School Boards Wrestle With Decisions About In-Class Instruction
UPDATED: The Deer Park School District has voted to allow in-person instruction for students, joining Mead and East Valley as Spokane-area districts that will have students in classrooms as the academic year begins.
Tonight [Monday] the Mead school board will decide whether to postpone for a couple of weeks the start of the academic year.
They're part of the debate between those who believe opening schools is too risky and those who say not opening them is also risky.
Last week, after the Mead and East Valley school boards endorsed in-class instruction as an option for students this fall, Health Officer Bob Lutz made clear how he believes. He talked about it Monday morning with reporters.
“I stand by that comment that I’m disappointed that they’ve taken that tack. That’s their choice. That’s their prerogative. As we’ve mentioned before, I provide guidance and recommendations, not mandates," he said.
Many superintendents and school board members such as Mead’s Carmen Green have said these are among the toughest decisions they had to make as educators.
“It’s not just about, most importantly, their academic education, but they’re also their social and emotional well being, the many interventions we put into place. The students who are at risk at home," Green said.
Last week, a few of Green’s colleagues said they’ve done more homework on this issue than any other they’ve encountered during their board service.
They and board members from other districts say they’re feeling pressure from parents who want their children to go back to school. Mead Superintendent Shawn Woodward estimated 70% of his parents will choose the in-person option.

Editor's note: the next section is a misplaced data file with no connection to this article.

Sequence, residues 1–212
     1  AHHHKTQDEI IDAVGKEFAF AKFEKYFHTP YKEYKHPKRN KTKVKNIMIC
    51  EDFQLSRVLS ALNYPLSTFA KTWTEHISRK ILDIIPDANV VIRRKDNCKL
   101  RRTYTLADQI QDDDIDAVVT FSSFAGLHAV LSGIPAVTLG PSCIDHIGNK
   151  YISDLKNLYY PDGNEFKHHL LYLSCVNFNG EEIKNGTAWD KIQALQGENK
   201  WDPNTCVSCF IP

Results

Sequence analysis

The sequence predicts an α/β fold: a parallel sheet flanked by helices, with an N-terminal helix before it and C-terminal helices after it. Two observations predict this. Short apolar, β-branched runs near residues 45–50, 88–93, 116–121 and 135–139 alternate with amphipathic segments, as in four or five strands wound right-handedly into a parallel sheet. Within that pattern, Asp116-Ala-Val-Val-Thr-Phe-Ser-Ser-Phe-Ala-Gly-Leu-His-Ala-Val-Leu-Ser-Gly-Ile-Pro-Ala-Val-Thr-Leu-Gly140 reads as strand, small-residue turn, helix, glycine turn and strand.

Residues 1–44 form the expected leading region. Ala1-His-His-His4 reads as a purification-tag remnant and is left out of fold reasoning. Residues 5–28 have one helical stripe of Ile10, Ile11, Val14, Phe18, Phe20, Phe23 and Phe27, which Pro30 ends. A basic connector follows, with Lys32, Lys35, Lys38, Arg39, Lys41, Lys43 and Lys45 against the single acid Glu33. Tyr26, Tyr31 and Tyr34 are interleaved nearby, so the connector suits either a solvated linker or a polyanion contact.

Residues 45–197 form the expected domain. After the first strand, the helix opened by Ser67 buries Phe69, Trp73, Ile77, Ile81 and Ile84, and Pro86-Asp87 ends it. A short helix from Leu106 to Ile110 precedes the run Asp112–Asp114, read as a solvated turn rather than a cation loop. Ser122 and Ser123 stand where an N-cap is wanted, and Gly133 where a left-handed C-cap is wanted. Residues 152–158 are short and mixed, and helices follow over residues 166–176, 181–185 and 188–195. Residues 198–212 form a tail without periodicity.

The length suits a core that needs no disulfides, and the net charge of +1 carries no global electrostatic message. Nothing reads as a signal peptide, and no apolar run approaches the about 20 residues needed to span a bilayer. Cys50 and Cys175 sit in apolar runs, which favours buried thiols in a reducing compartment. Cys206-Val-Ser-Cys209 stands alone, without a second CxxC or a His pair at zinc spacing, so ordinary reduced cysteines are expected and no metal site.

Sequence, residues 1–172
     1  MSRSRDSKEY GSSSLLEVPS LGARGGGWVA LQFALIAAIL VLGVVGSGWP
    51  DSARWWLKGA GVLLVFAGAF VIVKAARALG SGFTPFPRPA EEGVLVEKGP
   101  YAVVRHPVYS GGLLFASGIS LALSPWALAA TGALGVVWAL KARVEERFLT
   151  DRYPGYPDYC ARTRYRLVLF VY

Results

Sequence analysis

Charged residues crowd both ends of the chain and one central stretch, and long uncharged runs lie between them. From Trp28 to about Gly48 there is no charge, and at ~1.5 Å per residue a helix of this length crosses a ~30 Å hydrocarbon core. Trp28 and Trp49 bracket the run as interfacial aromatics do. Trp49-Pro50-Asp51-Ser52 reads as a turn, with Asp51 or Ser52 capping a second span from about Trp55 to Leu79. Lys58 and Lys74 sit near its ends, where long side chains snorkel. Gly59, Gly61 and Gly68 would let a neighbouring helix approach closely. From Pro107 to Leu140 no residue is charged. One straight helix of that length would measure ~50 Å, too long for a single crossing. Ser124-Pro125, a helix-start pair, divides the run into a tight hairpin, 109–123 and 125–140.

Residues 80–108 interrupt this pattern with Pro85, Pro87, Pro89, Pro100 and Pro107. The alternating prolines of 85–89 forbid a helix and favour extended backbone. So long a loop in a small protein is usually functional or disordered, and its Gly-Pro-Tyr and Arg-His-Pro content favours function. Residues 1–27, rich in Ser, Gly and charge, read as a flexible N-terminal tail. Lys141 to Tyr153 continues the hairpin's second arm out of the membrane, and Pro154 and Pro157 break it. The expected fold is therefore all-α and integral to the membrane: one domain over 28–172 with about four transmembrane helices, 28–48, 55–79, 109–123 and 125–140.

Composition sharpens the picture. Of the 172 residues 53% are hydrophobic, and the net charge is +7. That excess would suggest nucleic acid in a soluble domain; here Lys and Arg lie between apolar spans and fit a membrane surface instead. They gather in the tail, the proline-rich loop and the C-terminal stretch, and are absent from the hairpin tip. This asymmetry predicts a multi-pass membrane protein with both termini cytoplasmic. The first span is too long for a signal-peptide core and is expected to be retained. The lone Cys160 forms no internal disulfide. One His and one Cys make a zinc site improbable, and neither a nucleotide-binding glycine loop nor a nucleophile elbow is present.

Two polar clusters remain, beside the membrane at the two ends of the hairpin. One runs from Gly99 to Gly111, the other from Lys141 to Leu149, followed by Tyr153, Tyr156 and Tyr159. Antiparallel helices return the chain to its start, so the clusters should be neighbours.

Lutz says he understands that and says there are cases where districts can safely create in-person instructional opportunities.
“You have young kiddos, K-2, where remote learning is just really challenging. Or you have students with special learning needs. I think those are very reasonable options to consider in person," Lutz said.
But he’s convinced that hybrid learning options will lead to Covid spread and the shutdown of schools. That, he says, will cause logistical nightmares, not just for the families with sick children and family members, but anyone else with a stake in those schools.
Still, Mead board member Michael Cannon says the debate and all that goes along with it isn’t helpful.
“We have an opportunity to convert this discussion from a side-choosing kind of mentality to needs-meeting scenario where we can create options.”
And one of those options is allowing children to go to school and learn face-to-face with a teacher.